2 abortion-related bills advance at General Assembly
Amid emotional statements on the House floor and in a Senate committee room, two abortion-related bills advanced in the legislature Thursday.Posted — Updated
Backers said the measure is needed to prevent discrimination against the disabled, but opponents said it's merely another attempt to interfere with a woman's right to legally terminate a pregnancy.
"Forcing someone to carry a pregnancy to term against their will does absolutely nothing to address discrimination," said Rep. Julie von Haefen, D-Wake, adding that lawmakers would be better served expanding services for the disabled.
"This bill prevents modern-day eugenics," said Rep. Dean Arp, R-Union, one of the bill sponsors.
The fact that "eugenics" is in the name of the bill incensed numerous Democrats, some of whom complained that women of color comprised the majority of those sterilized under North Carolina's decades-long eugenics program.
"It is the height of insensitivity to label it eugenics – the doctrine that Nazis used to justify slaughtering Jews ... the practice that's used to keep African American women from even having children," said Rep. James Gailliard, D-Nash.
Gailliard got so heated in his statements that House Speaker Tim Moore twice warned him to calm his rhetoric or be ruled out of order.
Rep. Gale Adcock, D-Wake, a family nurse practitioner, also was upset that bill supporters suggested that physicians coerce women into getting abortions.
Quoting the Bible, Republican House members said they were only trying to recognize the dignity of all unborn children, including those with Down syndrome.
"Abortion is one of the blights of this world," said Rep. Keith Kidwell, R-Beaufort. "Every child is worth everything."
Sponsor Rep. Pat McElraft, R-Carteret, wept as she read a letter from a child with Down syndrome. "I know in my heart that I am God’s child, and I love my life," the child wrote.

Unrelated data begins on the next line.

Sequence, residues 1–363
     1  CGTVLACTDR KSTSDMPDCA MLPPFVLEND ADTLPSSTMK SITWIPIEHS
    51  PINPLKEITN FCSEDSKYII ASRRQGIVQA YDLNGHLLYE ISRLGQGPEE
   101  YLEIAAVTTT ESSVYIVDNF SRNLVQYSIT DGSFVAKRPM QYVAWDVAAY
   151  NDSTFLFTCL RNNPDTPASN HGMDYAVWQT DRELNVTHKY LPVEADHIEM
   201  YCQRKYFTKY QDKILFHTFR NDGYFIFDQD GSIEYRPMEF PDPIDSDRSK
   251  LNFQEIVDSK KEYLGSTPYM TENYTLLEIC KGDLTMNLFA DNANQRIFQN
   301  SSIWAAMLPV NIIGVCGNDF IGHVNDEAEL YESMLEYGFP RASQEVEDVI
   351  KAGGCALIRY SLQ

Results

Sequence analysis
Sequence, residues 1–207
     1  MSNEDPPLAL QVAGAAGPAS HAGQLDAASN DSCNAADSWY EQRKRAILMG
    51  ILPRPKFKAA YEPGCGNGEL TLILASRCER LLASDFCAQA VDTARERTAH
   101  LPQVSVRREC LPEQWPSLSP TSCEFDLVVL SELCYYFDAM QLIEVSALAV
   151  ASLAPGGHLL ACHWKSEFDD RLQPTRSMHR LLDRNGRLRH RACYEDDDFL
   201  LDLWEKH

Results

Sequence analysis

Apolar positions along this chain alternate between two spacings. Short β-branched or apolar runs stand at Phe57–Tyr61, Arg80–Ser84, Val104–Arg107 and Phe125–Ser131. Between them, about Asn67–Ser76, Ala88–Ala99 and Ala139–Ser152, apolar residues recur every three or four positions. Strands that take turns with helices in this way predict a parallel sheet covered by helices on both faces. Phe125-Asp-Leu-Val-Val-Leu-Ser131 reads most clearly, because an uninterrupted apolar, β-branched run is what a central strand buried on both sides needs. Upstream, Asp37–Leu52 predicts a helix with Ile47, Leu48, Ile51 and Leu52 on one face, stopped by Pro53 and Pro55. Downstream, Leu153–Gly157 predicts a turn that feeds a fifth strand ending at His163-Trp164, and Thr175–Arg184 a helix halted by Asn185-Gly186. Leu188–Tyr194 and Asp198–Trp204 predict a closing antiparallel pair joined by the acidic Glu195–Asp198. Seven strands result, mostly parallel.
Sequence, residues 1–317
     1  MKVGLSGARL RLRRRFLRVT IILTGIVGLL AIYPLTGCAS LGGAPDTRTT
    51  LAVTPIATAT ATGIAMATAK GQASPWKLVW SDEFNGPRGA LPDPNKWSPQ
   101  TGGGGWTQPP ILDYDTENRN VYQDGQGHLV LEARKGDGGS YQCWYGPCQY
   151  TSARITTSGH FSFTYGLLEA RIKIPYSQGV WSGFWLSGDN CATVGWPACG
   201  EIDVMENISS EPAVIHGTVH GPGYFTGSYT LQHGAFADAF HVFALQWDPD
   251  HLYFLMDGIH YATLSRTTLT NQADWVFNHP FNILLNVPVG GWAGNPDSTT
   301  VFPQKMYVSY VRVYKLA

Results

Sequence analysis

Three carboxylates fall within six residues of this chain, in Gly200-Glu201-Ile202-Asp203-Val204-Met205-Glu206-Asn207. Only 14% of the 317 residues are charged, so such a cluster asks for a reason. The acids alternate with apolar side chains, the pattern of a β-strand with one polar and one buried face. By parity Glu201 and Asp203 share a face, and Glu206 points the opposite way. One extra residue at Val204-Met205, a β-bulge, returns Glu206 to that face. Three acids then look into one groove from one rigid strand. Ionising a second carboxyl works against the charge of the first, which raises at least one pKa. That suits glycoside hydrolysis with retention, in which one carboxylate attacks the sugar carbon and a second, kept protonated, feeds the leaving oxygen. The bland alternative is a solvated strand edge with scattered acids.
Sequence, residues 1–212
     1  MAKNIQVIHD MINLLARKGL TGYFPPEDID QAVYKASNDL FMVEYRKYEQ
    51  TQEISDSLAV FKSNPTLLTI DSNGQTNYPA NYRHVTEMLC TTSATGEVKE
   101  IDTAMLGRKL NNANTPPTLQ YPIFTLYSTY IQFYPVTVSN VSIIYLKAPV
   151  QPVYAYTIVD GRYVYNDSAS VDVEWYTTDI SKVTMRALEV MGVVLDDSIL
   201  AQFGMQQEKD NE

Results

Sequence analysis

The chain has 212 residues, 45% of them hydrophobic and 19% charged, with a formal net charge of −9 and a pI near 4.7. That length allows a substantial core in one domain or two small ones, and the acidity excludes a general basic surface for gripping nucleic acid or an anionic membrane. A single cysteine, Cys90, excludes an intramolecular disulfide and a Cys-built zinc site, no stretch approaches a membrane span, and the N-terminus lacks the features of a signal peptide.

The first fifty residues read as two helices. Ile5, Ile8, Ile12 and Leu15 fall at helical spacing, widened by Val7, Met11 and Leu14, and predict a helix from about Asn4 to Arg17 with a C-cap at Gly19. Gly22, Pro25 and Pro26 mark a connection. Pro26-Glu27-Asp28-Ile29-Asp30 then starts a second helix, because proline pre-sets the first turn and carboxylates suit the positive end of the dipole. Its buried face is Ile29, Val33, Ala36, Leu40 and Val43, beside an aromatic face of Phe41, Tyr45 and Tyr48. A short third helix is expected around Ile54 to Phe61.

Following passage in the House, the bill now heads to the Senate.
Earlier Thursday, the Senate Health Care committee approved the Born-Alive Abortion Survivors Protection Act, which would make it a misdemeanor for a doctor not to provide care for an infant born after a botched abortion. It also would create a duty for other health care professionals to report any such failure to act.
"This bill changes nothing – nothing – except how an infant born alive is treated," Krawiec said. "It does nothing to limit women's access to health care."
She compared a lack of care for a newborn that survived an attempted abortion to passing a crash scene and not stopping to help.
"That is not humane in my world, not humane at all," she said.
Representatives from the American Civil Liberties Union and Planned Parenthood criticized the bill as trying to address a problem that doesn't exist and is merely an attempt to intimidate doctors and scare women away from seeking abortions.
"Doctors already have an obligation to provide appropriate medical care in all cases. To suggest otherwise is offensive," said Liz Barber, policy analyst for the ACLU. "Senate Bill 405 comes out of a national playbook of anti-abortion laws designed to stigmatize abortion, stigmatize the women who seek abortions and outright demonize the doctors who provide them."
Krawiec said she had no statistics on how many infants survived an abortion, saying doctors likely don't report such incidents. Tami Fitzgerald, executive director of the North Carolina Values Coalition, cited data from the Centers for Disease Control and Prevention estimating about 400 to 600 cases in hospitals nationwide from 2003 to 2014.
Fitzgerald and other social conservatives pressed for the bill, calling the treatment for such infants a civil rights issue.
"The right to an abortion should not translate to a right to a dead child, no matter what," Fitzgerald said. "This is really about infanticide, plain and simple."
The committee passed the measure on a voice vote, and it will likely be on the Senate floor next week.
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